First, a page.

Musical pieces with notation

P. 6870 V + P. 14097 V


What did music sound like in ancient times? What melodies were sung? We know very little about this. Because even in antiquity, songs were mostly passed on orally or only the lyrics were written down, since the melody could be assumed to be known. Despite these poor conditions, remnants of melodies have survived. One such example is this compilation of musical pieces with musical notation (an audio sample can be found at the end of this text).

Written on the back of a Latin military document from 156 AD, it comprises the left half of a column of 23 musical lines that can be assigned to up to five different pieces of music: up to three of them vocal with notation written above the text syllables, the other two clearly indented are purely instrumental.

The first twelve lines contain a Paian set in today’s tenor register and therefore to be sung by men. It is a solemn choral chant in honor of the god Apollo, which was usually accompanied by the kithara, Apollo’s instrument, and occasionally by the aulos. The instrumental piece that follows in the next three lines, while closely related to it musically, is much shorter, so it is probably not an instrumental accompaniment to the Paian, but possibly an epilogue.

The remaining musical lines of this papyrus could also belong closely together, since the second instrumental piece is literally framed by the presumably related four lines of a choral song before it and one line after it. Thus, one might assume that it could have been an instrumental interlude. The chant has several distinct differences from the Paian, the most striking of which is that its setting is in the present soprano range. Thus, unlike the Paian, the piece should be sung by women. This also fits very well with its content, which is to be found in the context of the Trojan War. The suicide of Aiax is treated from the point of view of his lamenting wife Tecmessa. Aiax had thrown himself on his own sword out of shame for the deeds he had done in frenzy.

These notations appear in two types: a vocal notation for singing and a somewhat older instrumental notation. The former is based on the Greek alphabet still in use today: the notes of the octave f’–f are represented with the regular letters. The characters of the notes outside this octave are upside-down Greek letters, a few freely invented characters, or letters with small dashes. The instrumental notation, on the other hand, is composed of the letters of the older Phoenician alphabet. Although small strokes and a few invented characters are also used in this system to notate notes outside a central double octave a’–A, note elevations and the like are not represented by other letters, but by mirroring or rearranging the corresponding regular letters. Thus, almost every character can be assigned to a note in our present notation system. For notation of the rhythm, dots and the like are occasionally used to indicate lengths and shortenings. For vocal notation, however, basically the meter of the respective text applied.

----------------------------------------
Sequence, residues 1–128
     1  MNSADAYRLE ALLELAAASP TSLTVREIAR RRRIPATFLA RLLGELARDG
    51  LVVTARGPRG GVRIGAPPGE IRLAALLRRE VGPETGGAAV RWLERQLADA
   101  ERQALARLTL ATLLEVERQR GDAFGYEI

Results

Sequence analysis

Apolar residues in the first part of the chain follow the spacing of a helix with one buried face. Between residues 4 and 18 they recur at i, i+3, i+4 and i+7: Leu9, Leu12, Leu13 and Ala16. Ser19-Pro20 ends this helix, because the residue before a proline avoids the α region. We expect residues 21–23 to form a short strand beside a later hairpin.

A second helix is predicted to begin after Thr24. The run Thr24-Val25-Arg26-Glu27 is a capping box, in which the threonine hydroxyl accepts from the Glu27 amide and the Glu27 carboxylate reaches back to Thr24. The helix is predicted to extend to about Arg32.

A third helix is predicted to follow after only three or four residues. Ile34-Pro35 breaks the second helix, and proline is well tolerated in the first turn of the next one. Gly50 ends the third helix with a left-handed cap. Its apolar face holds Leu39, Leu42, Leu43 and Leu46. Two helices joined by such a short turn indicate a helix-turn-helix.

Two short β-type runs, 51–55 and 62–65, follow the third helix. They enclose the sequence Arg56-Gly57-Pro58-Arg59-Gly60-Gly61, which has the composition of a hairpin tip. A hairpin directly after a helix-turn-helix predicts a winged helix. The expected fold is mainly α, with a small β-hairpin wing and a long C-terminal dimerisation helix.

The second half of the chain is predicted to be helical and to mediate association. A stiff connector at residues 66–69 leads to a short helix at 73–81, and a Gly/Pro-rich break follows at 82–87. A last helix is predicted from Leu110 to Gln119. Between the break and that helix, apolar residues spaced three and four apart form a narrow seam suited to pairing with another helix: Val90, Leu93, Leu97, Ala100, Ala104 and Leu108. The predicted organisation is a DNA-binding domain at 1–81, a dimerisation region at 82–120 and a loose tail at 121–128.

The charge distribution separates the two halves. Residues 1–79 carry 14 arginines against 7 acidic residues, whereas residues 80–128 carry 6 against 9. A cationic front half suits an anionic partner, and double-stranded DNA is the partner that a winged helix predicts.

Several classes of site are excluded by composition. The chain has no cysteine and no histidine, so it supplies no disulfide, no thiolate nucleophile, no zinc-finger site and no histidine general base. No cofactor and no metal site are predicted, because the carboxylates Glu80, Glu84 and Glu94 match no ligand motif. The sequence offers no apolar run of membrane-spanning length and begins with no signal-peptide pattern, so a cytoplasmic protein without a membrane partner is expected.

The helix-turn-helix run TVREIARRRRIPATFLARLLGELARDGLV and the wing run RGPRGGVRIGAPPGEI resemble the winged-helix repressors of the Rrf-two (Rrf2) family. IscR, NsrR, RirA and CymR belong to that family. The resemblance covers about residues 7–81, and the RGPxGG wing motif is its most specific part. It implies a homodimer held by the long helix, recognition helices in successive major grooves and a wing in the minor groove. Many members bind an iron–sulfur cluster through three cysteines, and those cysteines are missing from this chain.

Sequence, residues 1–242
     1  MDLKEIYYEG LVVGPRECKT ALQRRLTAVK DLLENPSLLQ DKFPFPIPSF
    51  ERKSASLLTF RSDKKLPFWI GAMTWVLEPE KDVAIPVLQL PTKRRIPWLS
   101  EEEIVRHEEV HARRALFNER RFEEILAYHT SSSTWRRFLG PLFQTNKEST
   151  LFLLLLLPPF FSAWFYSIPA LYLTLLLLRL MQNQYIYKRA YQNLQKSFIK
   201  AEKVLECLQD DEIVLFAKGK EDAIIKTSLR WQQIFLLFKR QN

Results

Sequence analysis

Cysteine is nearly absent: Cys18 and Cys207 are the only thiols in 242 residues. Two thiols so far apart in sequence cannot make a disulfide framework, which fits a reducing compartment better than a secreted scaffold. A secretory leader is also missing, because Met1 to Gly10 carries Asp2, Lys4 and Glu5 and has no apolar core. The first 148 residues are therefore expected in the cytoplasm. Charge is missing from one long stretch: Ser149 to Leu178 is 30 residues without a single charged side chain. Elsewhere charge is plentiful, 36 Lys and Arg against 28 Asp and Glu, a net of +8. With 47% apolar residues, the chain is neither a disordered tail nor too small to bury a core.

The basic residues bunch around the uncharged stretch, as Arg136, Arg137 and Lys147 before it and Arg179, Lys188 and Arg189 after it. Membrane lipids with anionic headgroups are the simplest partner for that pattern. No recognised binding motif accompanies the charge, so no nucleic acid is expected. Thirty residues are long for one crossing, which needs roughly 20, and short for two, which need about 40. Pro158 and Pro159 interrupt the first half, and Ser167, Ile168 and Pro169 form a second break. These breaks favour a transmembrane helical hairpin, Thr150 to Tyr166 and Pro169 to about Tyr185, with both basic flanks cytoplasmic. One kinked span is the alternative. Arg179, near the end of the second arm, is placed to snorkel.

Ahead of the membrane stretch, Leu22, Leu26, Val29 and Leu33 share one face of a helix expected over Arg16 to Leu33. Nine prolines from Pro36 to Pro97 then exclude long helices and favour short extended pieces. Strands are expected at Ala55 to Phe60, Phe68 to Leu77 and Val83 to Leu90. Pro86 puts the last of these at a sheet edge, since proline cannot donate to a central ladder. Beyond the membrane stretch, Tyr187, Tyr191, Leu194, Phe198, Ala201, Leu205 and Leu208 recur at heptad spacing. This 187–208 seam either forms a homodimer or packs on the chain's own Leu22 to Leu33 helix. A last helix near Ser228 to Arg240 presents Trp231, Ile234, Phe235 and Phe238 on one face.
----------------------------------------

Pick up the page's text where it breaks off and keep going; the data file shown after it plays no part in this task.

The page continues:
If we now take a look at the individual pieces of music that have been preserved on this papyrus, a very disparate picture emerges. The Paian and the Aias-fragment have no similarities in content. They also diverge musically, while the instrumental pieces are closely related to the Paian. Thus, the purpose of this compilation of musical pieces on this papyrus was obviously not in the text and its content, but rather in the music. The individual examples may have come from a musical manual and were compiled here for a reason that is not clear. Since they were written on the back of a document that was no longer in use, one could think, for example, of notes for practice purposes. A compilation of individual examples for a theoretical consideration of music cannot be ruled out as a purpose either.

Computer generated audio samples of all melodies on this papyrus can be found on Stefan Hagel’s website „Ancient Greek Music“ under the rubric „The Melodies“ (look for PBerlin 6870 in the table further down that website).

This highlight of the Berlin papyrus collection with reference to ancient music was on display in the special exhibition „Soundscapes – Music in Ancient Egypt“.

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